New tourism coalition wants state funding it can count on

A newly formed alliance plans to rally Tuesday in Hartford for more reliable funding of statewide tourism promotion.

The group, headed by Stephen Tagliatela, managing member of the Saybrook Point Inn & Spa in Old Saybrook, has scheduled a news conference prior to a public hearing on a Commerce Committee bill calling for establishment of a separate tourism account within the state’s General Fund.

Meanwhile, state Sen. Paul Formica, R-East Lyme, is interested in forming a “tourism caucus” of lawmakers whose districts are home to tourist attractions.

For veteran tourism advocates, the initiatives inspire feelings of déjà vu.

“We used to have a governor’s tourism council that worked pretty well, and funding we could count on,” Tagliatela said Monday. “It was disbanded in the mid-2000s when (Gov. M. Jodi) Rell took funding down to one dollar. She wiped us off the map of New England.”

Gov. Dannel P. Malloy restored tourism funding four years ago, but it has shrunk amid budget cuts the last couple of years. Currently, it stands at $8.5 million. In addition, each of three regional tourism districts receives hundreds of thousands of dollars more.

Raised Bill No. 5576 would fund a “state-wide marketing and promotion account” with a portion of the proceeds from the occupancy tax imposed on "hotels, bed and breakfast establishments and lodging houses," while applying a 10 percent occupancy tax on bed and breakfasts.

Tagliatela said such a dedicated source of funding could assure that the state has as much as $15 million a year or more to spend on tourism promotion.

Citing the state’s own statistics, he said tourism is a major driver of the economy, generating $14.5 billion a year in spending by tourists, $1.6 billion in total tax revenues, $513 million in state taxes, $345 million in local taxes, $1.8 billion in wages and 118,500 jobs.

He said travel-industry research has found that states that increased tourism funding increased their share of the tourism market, while those that reduced funding experienced immediate declines in market share.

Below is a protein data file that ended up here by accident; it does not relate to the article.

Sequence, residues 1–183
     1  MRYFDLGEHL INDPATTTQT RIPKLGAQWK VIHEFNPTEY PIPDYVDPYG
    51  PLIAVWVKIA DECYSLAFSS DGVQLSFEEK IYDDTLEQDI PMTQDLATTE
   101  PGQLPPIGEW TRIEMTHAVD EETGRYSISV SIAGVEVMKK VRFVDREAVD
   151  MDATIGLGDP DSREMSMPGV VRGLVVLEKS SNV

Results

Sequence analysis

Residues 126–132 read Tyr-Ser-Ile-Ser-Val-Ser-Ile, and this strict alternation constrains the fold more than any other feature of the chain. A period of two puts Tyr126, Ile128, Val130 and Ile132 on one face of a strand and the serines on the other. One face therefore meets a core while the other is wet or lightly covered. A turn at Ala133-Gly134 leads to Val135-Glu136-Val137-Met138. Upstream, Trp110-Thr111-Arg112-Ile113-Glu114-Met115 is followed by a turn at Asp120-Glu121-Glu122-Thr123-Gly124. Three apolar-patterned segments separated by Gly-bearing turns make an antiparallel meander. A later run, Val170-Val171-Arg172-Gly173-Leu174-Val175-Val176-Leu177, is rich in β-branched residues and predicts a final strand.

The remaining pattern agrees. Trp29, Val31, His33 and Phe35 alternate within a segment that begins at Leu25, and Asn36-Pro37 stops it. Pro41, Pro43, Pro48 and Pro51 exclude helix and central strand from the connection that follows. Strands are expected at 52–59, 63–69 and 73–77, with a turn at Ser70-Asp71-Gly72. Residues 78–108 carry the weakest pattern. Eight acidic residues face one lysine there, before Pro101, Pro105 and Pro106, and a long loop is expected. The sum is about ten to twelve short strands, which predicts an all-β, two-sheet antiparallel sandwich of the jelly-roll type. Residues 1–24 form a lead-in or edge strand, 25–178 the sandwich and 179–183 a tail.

“We should not be lumped in with all the other things that don’t have a return to them,” Tagliatela said. “We can help solve the budget crisis.”

Acknowledging that the industry's "not so good at getting our message out,” he said coalition members have been organizing for several months. Members include the Connecticut Marine Trades Association, the Connecticut Lodging Association, the Connecticut Restaurant Association, the University of New Haven and such attractions as the Essex Steam Train and Riverboat, the Connecticut River Museum in Essex and the Katherine Hepburn Cultural Arts Center in Old Saybrook.

Coalition representatives have met with the executive directors of the regional tourism districts, which focus on marketing and promotion.

“It’s a good idea, something of a step back in time,” Ed Dombroskas, executive director of the Eastern Regional Tourism District, said. “There have been ad hoc organizations that have been helpful in advocating for tourism funding, but it’s better when it’s legislatively authorized. They’re trying to re-establish that sort of thing.”

Dombroskas said he understood the coalition would do more than lobby state government.

“They’re looking to help support the districts,” he said.

Formica, the state senator investigating the formation of a tourism caucus, said he wants to “broaden the discussion” about tourism funding.

“Dollars everywhere are being challenged. Tourism is not alone,” he said. “We need to raise awareness about the dollars the industry generates — similar to the manufacturing caucus.”

Tourism caucus members would certainly represent districts in eastern Connecticut but also those in the Northwest Hills of Litchfield County as well as the southwestern and central parts of the state, Formica said.


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